Richard Hawley, Dome, Brighton
The Cult/The Mission, Hammersmith Apollo, London

While Richard Hawley's old-fashioned melodies tug at the heart strings, goth refugees bring back the spirit – if not the hair – of the Eighties

In the winter of 2009, as my father lay critically ill in hospital, I bought him his first MP3 player. I loaded it up with a selection of the tunes I knew he loved and new stuff I suspected he might, and left it with the nurses to play on "random".

I couldn't wait for the tracheotomy tube to come out, and for my dad to come home and ask me who the Orbison-sounding crooner with the haunting "Open Up Your Door" song was. I couldn't wait to reply that it was Richard Hawley, the Dapper Dan-quiffed, hare-lipped hero, former member of The Longpigs, sometime Pulp guitarist, serial collaborator with American rock'*'roll legends (Duane Eddy), and all-round Sheffield-forged songwriting genius whose staggering Truelove's Gutter was my album of the year. But it wasn't to be. My dad never did come home.

It was only later I discovered that Hawley knew exactly how that felt. His previous album, Lady's Bridge, had been recorded while his own father lay dying, and that this was a cause of the sombre mood of Truelove's Gutter. But even without such associations, Richard Hawley's music carries a phenomenal emotional power. There can't be many inside the Dome tonight who, when they hear "Open Up Your Door", or "Hotel Room", or any one of his echo-laden, pedal steel-drenched, 1950s-flavoured beauties, aren't reminded of some specific personal heartbreak or love affair, and feel mist in their eyes.

Hawley's latest album, Standing at the Sky's Edge, ventures into psychedelic rock with panache, but it's the Truelove's Gutter material that turns us to jelly. Most overwhelming is "Soldier On", which takes the old quiet-loud-quiet dynamic to a new extreme. Midway through, it erupts into a cataclysmic cacophony as Hawley, the tongue-tied would-be suitor imagining himself as heroic lover, sings: "As the stars they slowly die/Thunder cracks across the sky/These are words I want to say/'Be with me, my love, always'/But no, our moonlit silhouettes they part and fade..."

He's aware of the need for a little light relief. The Yorkshireman recalls the time he drunkenly received a phone call requesting permission for the life-affirmingly romantic "Tonight the Streets Are Ours" to be used in an art film called Exit Through the Gift Shop. Not having heard of the artist, he assumed he was being pranked by the other Banksy: Nick Banks, drummer with Pulp. "So I told him to fuck off."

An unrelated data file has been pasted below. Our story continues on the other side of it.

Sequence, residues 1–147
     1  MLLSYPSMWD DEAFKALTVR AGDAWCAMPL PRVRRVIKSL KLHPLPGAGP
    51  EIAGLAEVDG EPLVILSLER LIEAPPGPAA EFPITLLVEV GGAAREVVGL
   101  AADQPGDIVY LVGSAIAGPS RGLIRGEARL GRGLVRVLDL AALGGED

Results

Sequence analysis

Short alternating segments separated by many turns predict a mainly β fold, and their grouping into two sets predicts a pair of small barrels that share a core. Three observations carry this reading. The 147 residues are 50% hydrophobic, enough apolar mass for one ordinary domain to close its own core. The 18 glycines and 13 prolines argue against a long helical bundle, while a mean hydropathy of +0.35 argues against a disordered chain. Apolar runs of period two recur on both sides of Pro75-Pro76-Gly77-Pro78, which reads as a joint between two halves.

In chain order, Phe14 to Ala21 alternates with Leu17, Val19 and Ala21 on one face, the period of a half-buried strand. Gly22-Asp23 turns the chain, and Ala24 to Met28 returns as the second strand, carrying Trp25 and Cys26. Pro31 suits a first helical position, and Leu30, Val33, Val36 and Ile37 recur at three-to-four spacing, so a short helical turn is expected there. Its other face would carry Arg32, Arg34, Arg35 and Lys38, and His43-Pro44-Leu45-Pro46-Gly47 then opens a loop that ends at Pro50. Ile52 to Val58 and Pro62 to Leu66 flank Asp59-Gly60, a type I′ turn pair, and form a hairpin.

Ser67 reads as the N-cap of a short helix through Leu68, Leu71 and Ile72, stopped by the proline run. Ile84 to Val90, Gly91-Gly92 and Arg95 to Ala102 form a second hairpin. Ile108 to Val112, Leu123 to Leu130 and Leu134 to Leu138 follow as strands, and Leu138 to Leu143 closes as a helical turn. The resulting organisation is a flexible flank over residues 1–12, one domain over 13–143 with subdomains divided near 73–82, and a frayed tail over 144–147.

"Fuck Sunday," says The Cult's Ian Astbury. "We're pagans here anyway. We don't celebrate Sunday." A theatre full of recovering goths, happy to swill snakebite and black on the Lord's day, aren't going to argue. It's the final date of what's effectively a Monsters of Gothic Rock Tour which hasn't been plain sailing. First the venues had to be downgraded; then opening act Killing Joke dropped out after singer Jaz Coleman went Awol.

At least we still have The Mission. I was never a huge fan of theirs, figureheads of the lumpen late Eighties subgenre "goff", but respect is due to their personnel, two of whom were refugees from the classic line-up of The Sisters of Mercy. If I had issues with The Mission, it was down to the often clichéd lyrics. Debut single "Serpent's Kiss" set the tone, with its nudge-nudge innuendos about groupie sex and drugs.

But there's never been any argument that they deliver a good rock'n'roll show. The grey-cropped Hussey still delivers a rousing rock-hero vocal. Adams delivers a thumping alt-rock bassline, and Simon Hinkler delivers the sort of spindly guitar figures were made for sitting on your boyfriend's shoulders and twirling your wrists to the heavens in mystical supplication. In short, they give us deliverance.

Ian Astbury was the first person I ever saw having sex. But that wasn't the moment The Cult changed my life. That came a few months later, during the Radio 1 chart rundown, when the intro to "She Sells Sanctuary" turned me in the direction of eyeliner and hairspray for good.

That song, he tells us in a bizarre rant, represents an era when radio stations had courage, and weren't controlled by "cocaine blow-jobs from queer midgets from the record company in New York".

Tonight, he has the contemptuous arrogance you want from a charismatic frontman, stalking the stage with a confrontational pub-fight strut, singing songs that are mostly about wolves and fire.

And Billy Duffy is an underrated guitar hero. The first 60 seconds of "Fire Woman" are still up there with the most exciting moments in rock.

It's so great, in fact, that we'll even listen patiently when The Cult play their latest single. It's called "The Wolf". Of course it is.

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